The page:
Perhaps the "gardening theory" I spoke of earlier will work for me in my pursuit of better health--the good habits I am planting will soon (eventually) overtake the bad habits if I just keep on working on them.
(*A story of varying perspectives about my weight loss before and after the colon cancer surgery: When I went to visit the surgeon for the first time, I was a tad bit proud of my recent weight loss of about 20 pounds. However, I still was overweight. So when the surgeon mentioned the problem of having to go through "some fat" I was just a little bit insulted at first thought! But I realized he was right and it IS a problem.
I was visiting with an old friend the other night whose youngest daughter had to have surgery for Chron's disease. She'd had her surgery done here in town and couldn't remember the surgeon's name. She told the story of how the doctor who recommended the surgery told her daughter the surgeon would LOVE operating on her because she was thin!
I realized then that she was probable talking about my surgeon so I named my surgeon to my friend and she said "yeah, that's him!" So I was mad all over again at my surgeon for daring to mention the obvious to me!
In spite of that, I liked him a lot and he did a great job. He is known around here as the Colon King. He served in the military and worked around big military jets which impacted his hearing. So you have to sort of talk loud about your business. That part was not so much fun, yelling out in a hospital room where you know they can hear you all through the halls, "YEAH, DOC, MY BOWELS MOVED TODAY. IT WAS GREAT AND EVERYTHING WORKED JUST FINE!")
Two last things and I will hush--My oncologist told me the biggest factor that would cause the cancer to come back is a high fat diet. I read on the internet that not enough oncologists tell their patients that regular exercise is a huge help in causing cancers not to come back. I am trying to work on both of those factors. I can't control these things (and I do not necessarily spend a lot of time fretting about it coming back) but I can do some things to help improve my odds.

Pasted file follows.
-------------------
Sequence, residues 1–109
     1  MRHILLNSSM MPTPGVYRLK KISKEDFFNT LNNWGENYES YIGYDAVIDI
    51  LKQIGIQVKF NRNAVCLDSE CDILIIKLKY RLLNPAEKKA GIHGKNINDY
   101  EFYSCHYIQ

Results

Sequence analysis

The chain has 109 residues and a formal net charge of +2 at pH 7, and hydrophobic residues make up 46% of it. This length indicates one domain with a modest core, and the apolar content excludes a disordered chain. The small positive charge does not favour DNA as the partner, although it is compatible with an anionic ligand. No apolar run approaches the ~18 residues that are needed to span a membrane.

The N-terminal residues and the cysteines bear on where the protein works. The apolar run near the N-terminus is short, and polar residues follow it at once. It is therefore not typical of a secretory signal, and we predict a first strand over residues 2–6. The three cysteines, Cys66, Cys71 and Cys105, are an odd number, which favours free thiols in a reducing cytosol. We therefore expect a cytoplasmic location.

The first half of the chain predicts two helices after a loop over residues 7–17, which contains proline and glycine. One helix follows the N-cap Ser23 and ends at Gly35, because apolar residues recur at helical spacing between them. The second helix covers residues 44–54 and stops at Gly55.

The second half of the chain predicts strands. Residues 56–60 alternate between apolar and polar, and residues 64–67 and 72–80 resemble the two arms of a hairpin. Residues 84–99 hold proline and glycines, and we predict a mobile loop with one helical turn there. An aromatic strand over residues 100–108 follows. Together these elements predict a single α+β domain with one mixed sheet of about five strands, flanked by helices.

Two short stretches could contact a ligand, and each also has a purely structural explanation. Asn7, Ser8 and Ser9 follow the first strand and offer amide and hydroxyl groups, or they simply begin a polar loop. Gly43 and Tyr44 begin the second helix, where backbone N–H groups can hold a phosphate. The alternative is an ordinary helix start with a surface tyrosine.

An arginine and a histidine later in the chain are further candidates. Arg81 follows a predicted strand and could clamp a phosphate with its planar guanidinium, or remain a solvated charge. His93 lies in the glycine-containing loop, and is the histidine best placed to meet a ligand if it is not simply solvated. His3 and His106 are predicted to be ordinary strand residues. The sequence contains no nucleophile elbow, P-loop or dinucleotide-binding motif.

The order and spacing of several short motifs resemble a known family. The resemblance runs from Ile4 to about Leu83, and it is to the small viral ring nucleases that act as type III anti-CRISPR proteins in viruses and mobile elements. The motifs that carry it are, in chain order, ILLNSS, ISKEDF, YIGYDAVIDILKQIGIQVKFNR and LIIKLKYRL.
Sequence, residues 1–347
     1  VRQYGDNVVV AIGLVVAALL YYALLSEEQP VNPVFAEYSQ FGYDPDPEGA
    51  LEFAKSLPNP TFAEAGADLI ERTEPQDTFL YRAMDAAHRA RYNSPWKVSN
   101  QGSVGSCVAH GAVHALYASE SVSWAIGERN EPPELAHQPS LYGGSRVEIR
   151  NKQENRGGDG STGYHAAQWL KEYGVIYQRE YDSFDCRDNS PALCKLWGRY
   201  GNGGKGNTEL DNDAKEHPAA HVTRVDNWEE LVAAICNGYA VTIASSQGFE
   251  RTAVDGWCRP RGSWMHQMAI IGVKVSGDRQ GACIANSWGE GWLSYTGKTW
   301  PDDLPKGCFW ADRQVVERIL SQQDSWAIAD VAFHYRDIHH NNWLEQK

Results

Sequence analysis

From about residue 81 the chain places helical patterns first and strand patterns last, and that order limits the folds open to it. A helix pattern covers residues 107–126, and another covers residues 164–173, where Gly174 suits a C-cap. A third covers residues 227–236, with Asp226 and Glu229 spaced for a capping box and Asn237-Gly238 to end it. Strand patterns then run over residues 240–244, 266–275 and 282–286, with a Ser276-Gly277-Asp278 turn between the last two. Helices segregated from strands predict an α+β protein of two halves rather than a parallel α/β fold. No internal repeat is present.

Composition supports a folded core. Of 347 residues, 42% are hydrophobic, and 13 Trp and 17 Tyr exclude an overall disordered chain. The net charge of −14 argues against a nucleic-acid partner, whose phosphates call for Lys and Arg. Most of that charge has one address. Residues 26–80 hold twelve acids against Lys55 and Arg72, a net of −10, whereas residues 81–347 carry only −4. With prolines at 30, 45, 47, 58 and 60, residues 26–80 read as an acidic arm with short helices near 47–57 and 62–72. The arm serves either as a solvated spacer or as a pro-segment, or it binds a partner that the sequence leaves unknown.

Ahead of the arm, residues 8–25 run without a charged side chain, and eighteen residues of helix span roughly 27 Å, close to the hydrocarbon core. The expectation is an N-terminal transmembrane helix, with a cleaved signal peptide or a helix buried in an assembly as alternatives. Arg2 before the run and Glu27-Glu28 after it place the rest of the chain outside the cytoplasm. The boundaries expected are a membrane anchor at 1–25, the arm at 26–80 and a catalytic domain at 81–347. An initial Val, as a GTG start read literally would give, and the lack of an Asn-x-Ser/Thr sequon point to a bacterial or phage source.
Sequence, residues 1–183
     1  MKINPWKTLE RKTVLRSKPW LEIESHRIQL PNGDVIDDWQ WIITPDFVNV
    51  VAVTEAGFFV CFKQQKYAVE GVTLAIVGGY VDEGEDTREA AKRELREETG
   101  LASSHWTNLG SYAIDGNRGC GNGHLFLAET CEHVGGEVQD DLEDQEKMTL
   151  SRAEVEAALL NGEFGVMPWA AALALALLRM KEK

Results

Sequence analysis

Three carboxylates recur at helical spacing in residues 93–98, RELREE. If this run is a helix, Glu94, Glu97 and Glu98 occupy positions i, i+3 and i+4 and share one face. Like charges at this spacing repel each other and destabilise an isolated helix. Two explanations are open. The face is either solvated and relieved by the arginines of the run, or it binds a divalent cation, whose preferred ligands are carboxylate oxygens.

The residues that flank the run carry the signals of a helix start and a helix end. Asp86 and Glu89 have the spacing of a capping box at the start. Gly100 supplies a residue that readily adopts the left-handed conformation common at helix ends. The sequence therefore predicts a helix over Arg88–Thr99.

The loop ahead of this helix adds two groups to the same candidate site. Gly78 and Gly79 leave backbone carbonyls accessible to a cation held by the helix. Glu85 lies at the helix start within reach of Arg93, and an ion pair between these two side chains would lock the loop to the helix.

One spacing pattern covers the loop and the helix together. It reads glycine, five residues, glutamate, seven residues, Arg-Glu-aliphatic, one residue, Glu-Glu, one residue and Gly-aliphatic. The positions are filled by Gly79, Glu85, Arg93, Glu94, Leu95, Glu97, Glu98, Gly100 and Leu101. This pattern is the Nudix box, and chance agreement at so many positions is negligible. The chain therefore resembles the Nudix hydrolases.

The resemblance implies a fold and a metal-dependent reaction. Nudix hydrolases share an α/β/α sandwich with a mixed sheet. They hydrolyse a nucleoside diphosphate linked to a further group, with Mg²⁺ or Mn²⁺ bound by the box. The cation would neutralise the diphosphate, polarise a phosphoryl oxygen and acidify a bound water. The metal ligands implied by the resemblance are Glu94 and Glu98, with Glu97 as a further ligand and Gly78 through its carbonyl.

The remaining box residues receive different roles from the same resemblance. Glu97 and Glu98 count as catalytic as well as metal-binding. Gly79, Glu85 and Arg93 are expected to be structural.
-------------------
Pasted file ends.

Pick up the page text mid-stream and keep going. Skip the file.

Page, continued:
Actually, I have one other thing to say about this current pursuit of better health. I have a friend at work who has done an awful lot of work on her health and fitness. It's been very inspiring to watch her and to see the results of the changes she has made. I won't name her here, but she knows who she is and I just want to say, "thank you very much, friend, for the inspiration and the courageous example you have been." I just might add a few years to my life, thanks to you!
Saturday, May 25, 2013
I've seen this quote several places in the last week, with people passing it on from Rick Warren's Facebook page.
In 2011, I was inducted into two tribes, neither of which I wanted to be in. The first was the Cancer Tribe in November, the second was the Bereaved Parent Tribe in December. And, well, a year later I was also inducted into the One Year Cancer Free Tribe, which I wanted to belong to and for which I am very grateful.
These things change your life. And you learn things about how to comfort others, things you might never have learned any other way. But it's a high price to pay for the privilege of learning.
It takes a special kind of person, a hardy person, to be able to "show up and shut up" and, I would add, sit with, a person in such deep pain, in that place where there are often so many unanswered questions.
Thursday, May 23, 2013
(and a story of grief and gratitude, of joy and sorrow)
3X3X365 that talked about honoring death and grief (it's the middle photo and story). When she wrote about the grave being covered by fake green grass carpet, she triggered a memory for me of my son's burial.
The cemetery is about an hour and a half away from where the funeral services were held. Several of his friends stopped to eat at a home where they all often hung out together. They thought they had plenty of time. But they were a little late arriving, and some of them were pallbearers. Because the friends were late and we took a little longer than planned, the grave digger people could not wait for us to all clear out before they lowered the casket. They had another burial at another cemetery to attend to. So there I was, still sitting in my front row seat, the grieving mother with what was left of her family. I watched carefully as they lowered the casket in the ground and then shoveled the dirt back in over the casket. Somehow, watching that ritual was strangely comforting to me.
I did not know until I read the blog post story today about honoring death and grief that I am so grateful his friends were a little late so that circumstances transpired such that I could sit and breathe my final goodbyes to my son's body.
Joy and sorrow, they are never far apart.